On December 25, 1733 the Molasses Act came into effect imposing a duty of 6d per gallon on molasses imported from non-British colonies. Manufacturers of rum feared that supply of molasses and its higher price would affect its manufacturing capacity and therefore lose market share in an already competitive market.
What Did The Molasses Act Cause?
The Molasses Act of 1733 raised the tax on molasses that was imported by American colonies from anywhere other than Great Britain. The purpose of the Molasses Act was to make more money for Great Britain by controlling trade among its colonies.
What Was The Molasses Act And Why Did Great Britain Impose It?
Molasses Act. An act for the better securing and encouraging the trade of his Majesty’s sugar colonies in America. 13), which imposed a tax of six pence per gallon on imports of molasses from non-English colonies. Parliament created the act largely at the insistence of large plantation owners in the British West Indies
What Was The Main After Effect Of The Molasses Act?
The American colonists feared that the act’s effect would be to increase the price of rum manufactured in New England, thus disrupting the region’s exporting capacity. The Molasses Act was among the least effective of the British Navigation Acts, since it was largely circumvented through smuggling.
What Was The Effect Of The Declaratory Act?
Declaratory Act, (1766), declaration by the British Parliament that accompanied the repeal of the Stamp Act. It stated that the British Parliament’s taxing authority was the same in America as in Great Britain. Parliament had directly taxed the colonies for revenue in the Sugar Act (1764) and the Stamp Act (1765).
What Did The Colonists Smuggle?
With little to hinder their activities, colonial merchants traded illegally in goods enumerated in the Navigation Acts and in the Corn and Manufacturing laws passed in the 1660s. Though the bulk of colonial trade was legal, colonists imported and exported tobacco, sugar, cotton, and wool at will.
What Happened After The Sugar Act?
On April 5, 1764, Parliament passed a modified version of the Sugar and Molasses Act (1733), which was about to expire. The Sugar Act reduced the rate of tax on molasses from six pence to three pence per gallon, while Grenville took measures that the duty be strictly enforced.
When Did The Sugar Act End?
The Sugar Act 1764 was repealed in 1766 and replaced with the Revenue Act 1766, which reduced the tax to one penny per gallon on molasses imports, British or foreign. This occurred around the same time that the Stamp Act 1765 was repealed.
What Was Molasses Used For?
Cane molasses is an ingredient used in baking and cooking. It was popular in the Americas prior to the 20th century, when it used to be a common sweetener. To make molasses, sugar cane is harvested and stripped of leaves. Its juice is extracted, usually by cutting, crushing, or mashing.
When Was The Navigation Act Passed?
Why Did The Sugar Act?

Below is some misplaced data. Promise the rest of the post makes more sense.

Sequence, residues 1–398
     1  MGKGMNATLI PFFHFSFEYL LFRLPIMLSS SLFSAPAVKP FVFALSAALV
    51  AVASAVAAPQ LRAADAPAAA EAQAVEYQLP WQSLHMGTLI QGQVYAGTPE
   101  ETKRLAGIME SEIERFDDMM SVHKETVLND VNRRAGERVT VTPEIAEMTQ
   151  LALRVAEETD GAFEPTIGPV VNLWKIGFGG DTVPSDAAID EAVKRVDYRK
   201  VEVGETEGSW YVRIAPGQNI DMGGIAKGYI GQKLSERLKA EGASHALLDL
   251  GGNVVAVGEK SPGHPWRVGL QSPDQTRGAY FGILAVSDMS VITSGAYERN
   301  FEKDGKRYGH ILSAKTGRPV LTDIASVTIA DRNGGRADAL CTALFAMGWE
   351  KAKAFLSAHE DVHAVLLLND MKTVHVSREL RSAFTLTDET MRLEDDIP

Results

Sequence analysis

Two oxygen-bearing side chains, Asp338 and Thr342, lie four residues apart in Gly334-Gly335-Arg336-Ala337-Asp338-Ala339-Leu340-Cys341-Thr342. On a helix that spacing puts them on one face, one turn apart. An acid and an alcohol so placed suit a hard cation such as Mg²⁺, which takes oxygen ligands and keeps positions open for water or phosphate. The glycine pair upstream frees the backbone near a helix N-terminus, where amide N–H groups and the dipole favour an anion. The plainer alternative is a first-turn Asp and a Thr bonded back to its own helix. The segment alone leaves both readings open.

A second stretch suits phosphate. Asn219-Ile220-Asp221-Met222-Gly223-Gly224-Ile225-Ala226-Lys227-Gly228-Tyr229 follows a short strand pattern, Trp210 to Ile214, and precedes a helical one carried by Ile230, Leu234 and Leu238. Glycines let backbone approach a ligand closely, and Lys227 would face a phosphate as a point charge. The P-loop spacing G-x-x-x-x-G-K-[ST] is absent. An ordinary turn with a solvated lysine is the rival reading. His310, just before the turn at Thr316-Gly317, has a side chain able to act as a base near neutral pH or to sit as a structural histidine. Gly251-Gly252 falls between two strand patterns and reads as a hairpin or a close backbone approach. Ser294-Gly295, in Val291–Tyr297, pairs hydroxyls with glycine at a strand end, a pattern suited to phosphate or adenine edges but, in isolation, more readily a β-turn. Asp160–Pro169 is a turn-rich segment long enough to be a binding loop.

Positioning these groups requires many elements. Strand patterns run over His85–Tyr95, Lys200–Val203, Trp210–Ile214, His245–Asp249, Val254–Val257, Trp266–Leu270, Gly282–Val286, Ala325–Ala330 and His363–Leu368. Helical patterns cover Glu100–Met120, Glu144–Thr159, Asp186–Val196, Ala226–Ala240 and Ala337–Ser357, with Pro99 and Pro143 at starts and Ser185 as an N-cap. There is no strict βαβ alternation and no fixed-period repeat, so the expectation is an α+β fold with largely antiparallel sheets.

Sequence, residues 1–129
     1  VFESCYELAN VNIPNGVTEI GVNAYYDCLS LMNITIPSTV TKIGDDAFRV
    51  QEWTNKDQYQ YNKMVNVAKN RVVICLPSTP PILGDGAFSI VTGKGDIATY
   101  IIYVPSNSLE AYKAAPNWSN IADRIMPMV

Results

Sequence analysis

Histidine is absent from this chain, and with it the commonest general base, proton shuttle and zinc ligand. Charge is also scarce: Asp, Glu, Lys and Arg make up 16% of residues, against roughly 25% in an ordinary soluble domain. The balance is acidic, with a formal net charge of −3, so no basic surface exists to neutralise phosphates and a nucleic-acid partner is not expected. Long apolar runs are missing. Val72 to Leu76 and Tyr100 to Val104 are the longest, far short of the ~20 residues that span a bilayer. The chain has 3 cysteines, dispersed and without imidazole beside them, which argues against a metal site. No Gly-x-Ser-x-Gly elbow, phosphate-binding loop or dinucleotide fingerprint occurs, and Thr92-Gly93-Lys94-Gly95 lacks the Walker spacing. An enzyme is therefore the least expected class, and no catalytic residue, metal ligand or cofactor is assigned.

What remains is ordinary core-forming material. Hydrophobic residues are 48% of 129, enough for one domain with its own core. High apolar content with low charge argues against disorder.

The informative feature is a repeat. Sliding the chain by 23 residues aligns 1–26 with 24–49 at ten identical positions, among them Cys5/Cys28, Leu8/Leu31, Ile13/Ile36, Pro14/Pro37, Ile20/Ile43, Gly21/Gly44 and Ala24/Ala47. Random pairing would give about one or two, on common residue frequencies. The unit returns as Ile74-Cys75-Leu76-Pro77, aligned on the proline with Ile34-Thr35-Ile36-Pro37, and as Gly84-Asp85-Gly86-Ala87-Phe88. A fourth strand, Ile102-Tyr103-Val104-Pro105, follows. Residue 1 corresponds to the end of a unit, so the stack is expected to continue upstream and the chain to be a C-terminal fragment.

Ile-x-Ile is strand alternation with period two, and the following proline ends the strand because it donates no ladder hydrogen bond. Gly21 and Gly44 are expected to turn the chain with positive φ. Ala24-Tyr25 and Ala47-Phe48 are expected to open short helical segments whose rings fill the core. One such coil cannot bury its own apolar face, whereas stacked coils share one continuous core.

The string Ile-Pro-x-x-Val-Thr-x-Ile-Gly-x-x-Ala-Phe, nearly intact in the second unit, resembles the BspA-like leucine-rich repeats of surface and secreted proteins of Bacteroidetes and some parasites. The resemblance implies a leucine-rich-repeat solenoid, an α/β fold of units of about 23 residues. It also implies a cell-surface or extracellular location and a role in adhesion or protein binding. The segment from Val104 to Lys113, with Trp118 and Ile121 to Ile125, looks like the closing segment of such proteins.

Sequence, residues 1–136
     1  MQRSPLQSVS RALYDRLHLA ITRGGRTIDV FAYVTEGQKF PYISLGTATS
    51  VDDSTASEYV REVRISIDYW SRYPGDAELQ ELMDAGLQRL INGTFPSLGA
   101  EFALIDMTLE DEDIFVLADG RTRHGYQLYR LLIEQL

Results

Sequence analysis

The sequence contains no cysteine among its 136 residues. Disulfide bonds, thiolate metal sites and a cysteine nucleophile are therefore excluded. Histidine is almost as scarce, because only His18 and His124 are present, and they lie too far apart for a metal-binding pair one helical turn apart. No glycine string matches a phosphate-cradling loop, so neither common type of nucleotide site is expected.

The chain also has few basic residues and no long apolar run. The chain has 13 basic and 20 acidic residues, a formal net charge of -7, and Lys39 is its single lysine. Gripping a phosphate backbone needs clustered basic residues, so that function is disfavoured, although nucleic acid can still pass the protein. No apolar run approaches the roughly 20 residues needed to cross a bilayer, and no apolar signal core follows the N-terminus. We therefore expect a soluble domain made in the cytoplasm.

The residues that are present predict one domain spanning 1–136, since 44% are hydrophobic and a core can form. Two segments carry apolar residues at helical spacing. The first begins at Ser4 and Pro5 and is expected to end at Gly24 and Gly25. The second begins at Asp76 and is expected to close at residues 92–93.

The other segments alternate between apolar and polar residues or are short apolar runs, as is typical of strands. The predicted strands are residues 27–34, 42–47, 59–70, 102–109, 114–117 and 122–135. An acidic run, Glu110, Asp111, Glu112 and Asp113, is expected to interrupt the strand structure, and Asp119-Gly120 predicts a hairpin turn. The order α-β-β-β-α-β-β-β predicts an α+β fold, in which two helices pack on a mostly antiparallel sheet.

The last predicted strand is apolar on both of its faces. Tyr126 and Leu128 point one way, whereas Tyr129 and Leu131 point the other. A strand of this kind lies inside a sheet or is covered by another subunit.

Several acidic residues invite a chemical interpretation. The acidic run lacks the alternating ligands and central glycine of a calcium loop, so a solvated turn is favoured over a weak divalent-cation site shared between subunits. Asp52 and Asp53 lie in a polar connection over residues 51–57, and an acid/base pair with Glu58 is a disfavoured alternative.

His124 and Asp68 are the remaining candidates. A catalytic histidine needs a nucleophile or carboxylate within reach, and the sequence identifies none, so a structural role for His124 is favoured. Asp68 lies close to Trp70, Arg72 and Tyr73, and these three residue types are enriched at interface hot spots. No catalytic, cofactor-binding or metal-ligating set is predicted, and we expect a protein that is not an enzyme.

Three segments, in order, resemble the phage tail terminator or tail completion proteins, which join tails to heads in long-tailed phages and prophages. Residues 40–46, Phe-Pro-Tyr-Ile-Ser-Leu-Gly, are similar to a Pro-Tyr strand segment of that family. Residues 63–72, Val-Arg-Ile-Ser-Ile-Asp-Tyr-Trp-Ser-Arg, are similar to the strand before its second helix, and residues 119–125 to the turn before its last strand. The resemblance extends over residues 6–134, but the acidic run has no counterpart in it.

The Revenue Act of 1764, also known as the Sugar Act, was the first tax on the American colonies imposed by the British Parliament. Its purpose was to raise revenue through the colonial customs service and to give customs agents more power and latitude with respect to executing seizures and enforcing customs law.
What Was The First Navigation Act?
In 1651, the British Parliament, in the first of what became known as the Navigation Acts, declared that only English ships would be allowed to bring goods into England, and that the North American colonies could only export its commodities, such as tobacco and sugar, to England.
What Did The Sugar Act Put A Tax On?
The American Revenue Act of 1764, so called Sugar Act, was a law that attempted to curb the smuggling of sugar and molasses in the colonies by reducing the previous tax rate and enforcing the collection of duties.
What Does Sugar Act Mean?
noun American History. a law passed by the British Parliament in 1764 raising duties on foreign refined sugar imported by the colonies so as to give British sugar growers in the West Indies a monopoly on the colonial market. Compare Navigation Act.
Why Did The British Do The Sugar Act?
Sugar Act, also called Plantation Act or Revenue Act, (1764), in U.S. colonial history, British legislation aimed at ending the smuggling trade in sugar and molasses from the French and Dutch West Indies and at providing increased revenues to fund enlarged British Empire responsibilities following the French and Indian
Why Was The Quebec Act Passed?
Quebec Act, 1774, passed by the British Parliament to institute a permanent administration in Canada replacing the temporary government created at the time of the Proclamation of 1763. It gave the French Canadians complete religious freedom and restored the French form of civil law.
What Did The Colonists Do To The Sugar Act?
April 5: SUGAR ACT (American Revenue Act) is passed by Parliament to raise funds for the depleted British treasury and to curtail the colonists’ smuggling of non-British sugar and molasses to avoid import tariffs. It decreased the tax on British sugar and molasses but increased the enforcement of anti-smuggling laws.
How Did The Stamp Act Lead To The Declaration Of Independence?
The Stamp Act of 1765 was the first internal tax levied directly on American colonists by the British Parliament. The issues of taxation and representation raised by the Stamp Act strained relations with the colonies to the point that, 10 years later, the colonists rose in armed rebellion against the British.
Why Did Many New Englanders Oppose The Sugar Act?
Why did New England merchants oppose the Sugar Act of 1764? They feared that tighter customs enforcement would wipe out their smuggling of French molasses.